Currently, an implementation date for morbidity data reporting in the United States has not been scheduled. The uncertainty is partly a result of the Health Insurance Portability and Accountability Act (HIPAA), which mandates a specific process for the designation of coding standards. The initial recommendation for coding standards includes ICD-9-CM, given that a clinical modification to ICD-10 is under development. Once the first set of standards is in place, a new phase of public hearings is required, along with publication of a notice of proposed rulemaking and a final notice for any changes to occur.
The NCHS has stated that once the final notice indicating ICD-10-CM as a coding standard is published, the industry will have 24 months to prepare for the switch.
What if the system needs to be modified between revisions? For the first time since its initial publication, a process has been developed for ICD to be modified between revisions.
All proposals for changes to ICD-10 must be sponsored by one of the nine Collaborating Centres for Classification of Disease (for the United States, the centre is the NCHS) and submitted based on a timeline tied to the annual meeting of centre heads. If the modification is accepted, both WHO and the nine centres are responsible for distribution. Implementation would coincide with the annual updating cycle established by the centre but would be no later than the beginning of the calendar year commencing 15 months after each centre head meeting.
WHO also has authorized the development of adaptations of ICD-10 under specific requirements. All modifications to the ICD-10 must conform to WHO conventions for the ICD. Authorization to develop an adaptation of ICD-10 for use in the United States for government purposes has been received from WHO.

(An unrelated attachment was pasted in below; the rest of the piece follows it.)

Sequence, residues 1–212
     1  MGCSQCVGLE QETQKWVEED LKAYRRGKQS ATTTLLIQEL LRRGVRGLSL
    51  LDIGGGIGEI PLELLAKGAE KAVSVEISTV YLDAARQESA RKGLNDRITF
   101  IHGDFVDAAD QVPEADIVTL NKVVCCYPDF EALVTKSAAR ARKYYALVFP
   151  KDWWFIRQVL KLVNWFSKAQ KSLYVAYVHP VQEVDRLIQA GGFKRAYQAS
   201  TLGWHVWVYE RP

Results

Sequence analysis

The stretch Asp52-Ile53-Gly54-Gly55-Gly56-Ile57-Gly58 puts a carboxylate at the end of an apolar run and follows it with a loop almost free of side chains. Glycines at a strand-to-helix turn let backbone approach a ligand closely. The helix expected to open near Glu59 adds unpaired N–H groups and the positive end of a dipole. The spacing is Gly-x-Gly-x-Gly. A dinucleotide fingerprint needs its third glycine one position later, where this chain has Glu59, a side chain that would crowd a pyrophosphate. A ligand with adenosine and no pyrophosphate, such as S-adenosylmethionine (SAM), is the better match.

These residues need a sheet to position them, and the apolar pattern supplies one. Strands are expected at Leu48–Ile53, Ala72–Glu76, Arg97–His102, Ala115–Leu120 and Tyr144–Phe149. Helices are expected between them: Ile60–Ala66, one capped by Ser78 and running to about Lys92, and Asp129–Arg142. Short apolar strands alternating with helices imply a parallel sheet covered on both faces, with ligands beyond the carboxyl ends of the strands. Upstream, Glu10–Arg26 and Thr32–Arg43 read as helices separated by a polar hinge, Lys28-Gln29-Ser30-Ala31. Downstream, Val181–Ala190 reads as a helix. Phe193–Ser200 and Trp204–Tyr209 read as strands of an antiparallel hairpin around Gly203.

Since its seventh revision, the United States has clinically modified ICD. Not surprisingly, a clinical modification for ICD-10 for morbidity purposes is in the works in the United States. The revision included recommendations from a technical advisory panel as well as help from physician groups, clinical coders, and others to ensure clinical appropriateness and function. An initial draft of the tabular list of ICD-10-CM and preliminary crosswalk between ICD-10-CM and ICD-9-CM were published for public comment in December 1997. Since that time, comments from various organizations and individuals have been under review. Availability of ICD-10-CM is not expected until late 2001.4
Once the tabular list and alphabetic index are complete, educational materials, training programs, and final crosswalks between ICD-9-CM and ICD-10-CM will be finished. The NCHS plans to conduct a comparability study to help users of data distinguish between real changes in utilization by diagnosis and changes that are result of changes to the classification system.
The United States is not the only country that has received permission from WHO to modify ICD-10. After a study by the National Coding Centre (NCC), currently known as the Australian National Centre for Classification in Health (NCCH), the NCC began the development of an adaptation of ICD-10 in July 1995.5 It also took on the creation of a procedure classification, because ICD-10 does not include one. In addition, the NCCH also developed a set of Australian coding standards, incorporating those already in place for the Australian edition of ICD-9-CM.